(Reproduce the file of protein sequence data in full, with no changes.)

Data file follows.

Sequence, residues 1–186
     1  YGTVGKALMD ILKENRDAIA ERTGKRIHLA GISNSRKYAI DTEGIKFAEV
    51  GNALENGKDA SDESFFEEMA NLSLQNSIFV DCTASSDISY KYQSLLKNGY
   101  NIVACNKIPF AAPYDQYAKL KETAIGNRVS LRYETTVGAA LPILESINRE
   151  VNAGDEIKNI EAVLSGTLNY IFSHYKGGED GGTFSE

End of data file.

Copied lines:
Sequence, residues 1–186
     1  YGTVGKALMD ILKENRDAIA ERTGKRIHLA GISNSRKYAI DTEGIKFAEV
    51  GNALENGKDA SDESFFEEMA NLSLQNSIFV DCTASSDISY KYQSLLKNGY
   101  NIVACNKIPF AAPYDQYAKL KETAIGNRVS LRYETTVGAA LPILESINRE
   151  VNAGDEIKNI EAVLSGTLNY IFSHYKGGED GGTFSE